NEW REPORT: 1,350 BILLION LITRES OF GROUNDWATER — 2 ½ SYDNEY HARBOURS — COULD BE LOST TO QLD MEGA COAL MINES

Published: September 24, 2013

A new report released today, written in consultation with former senior Queensland government officer Tom Crothers, who served as the state’s General Manager of Water Planning and Allocation, raises alarm bells on the potentially devastating cumulative impacts on the region’s groundwater resources  from 9 proposed new  mega coal mines in the Galilee Basin, Central Queensland.

A new report released today, written in consultation with former senior Queensland government officer Tom Crothers, who served as the state’s General Manager of Water Planning and Allocation, raises alarm bells on the potentially devastating cumulative impacts on the region’s groundwater resources  from 9 proposed new  mega coal mines in the Galilee Basin, Central Queensland.

The report finds that:

  • The mines will comprise over 34 open cut pits and 11 underground mines along a 270 kilometre north-south strike, to produce over 300 million tonnes of coal per annum.
  • An estimated two and half 'Sydney Harbours' of groundwater, equating to 1,354 billion litres, could be lost as a result of water being pumped out or drained by the proposed mines. 
  •  This will result in the livestock and household supplies from more than 400 water bores on adjoining properties being put at risk from groundwater drawdown, along with the townships of Alpha and Jericho.
  • There is a potential risk of interference with the Great Artesian Basin through impacts on the layers that separate this nationally significant water source from the coal mines
  • Recommendations by the Independent Expert Scientific Committee and the Qld Co-ordinator General to undertake a regional water balance model of the cumulative impacts of these mining proposals have not been implemented.

The report “Draining the lifeblood: the impact of Galilee Basin coal mining on groundwater resources” exposes the failure of the Queensland and Federal Governments to assess the cumulative impacts of the mines or to heed warnings about the risk of impacts on the Great Artesian Basin.


"I have grave concerns about the potential  impacts of the proposal mines in the Galilee Basin on the region’s groundwater supplies. Not only do they put the Great Artesian Basin recharge zone at some risk, but the groundwater dependent communities of Alpha, Jericho and the grazing properties surrounding the proposed mine leases  are also threatened" said Tom Crothers.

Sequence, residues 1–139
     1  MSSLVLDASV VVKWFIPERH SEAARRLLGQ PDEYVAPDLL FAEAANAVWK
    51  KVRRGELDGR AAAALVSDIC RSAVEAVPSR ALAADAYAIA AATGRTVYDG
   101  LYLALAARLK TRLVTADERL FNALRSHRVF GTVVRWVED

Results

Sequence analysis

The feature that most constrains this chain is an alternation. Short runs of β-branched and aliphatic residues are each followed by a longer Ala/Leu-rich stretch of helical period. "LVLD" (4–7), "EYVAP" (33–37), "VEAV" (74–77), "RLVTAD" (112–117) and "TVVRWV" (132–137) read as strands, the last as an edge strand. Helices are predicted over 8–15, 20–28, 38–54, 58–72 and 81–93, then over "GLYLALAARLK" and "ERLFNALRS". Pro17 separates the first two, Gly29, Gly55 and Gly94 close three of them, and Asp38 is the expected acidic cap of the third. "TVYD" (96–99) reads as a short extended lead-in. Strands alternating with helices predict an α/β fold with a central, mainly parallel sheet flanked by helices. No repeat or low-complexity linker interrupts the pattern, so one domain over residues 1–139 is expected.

"The impact assessments undertaken by the mine proponents and the Queensland Government are inadequate and I fully support the report's conclusion that further mining approvals should be suspended until the recommended water studies and transparent co-ordinated planning have been completed", Mr Crothers concluded.

“Our communities in Central Queensland depend on groundwater - it's our lifeblood.  The coal companies and our governments are treating us with contempt by rushing ahead to develop these damaging mines without even quantifying the true risk to the region’s water resources" said Ellie Smith, Central Queensland co-ordinator with the Lock the Gate Alliance.

"Given the dramatic risks that have been exposed by this report, we're calling on the new Federal Environment Minister, Greg Hunt, to intervene urgently to prevent any further coal mine approvals in the region until the recommended water studies have been completed" she said.

The first coal mine approved in the Basin, the Alpha mine, is currently being challenged by landholders in the Qld land court. The second mine, Kevin's Corner, will be the first coal mine in Australia assessed under the new federal Environmental Protection “water trigger,” with a decision due on 30 October.

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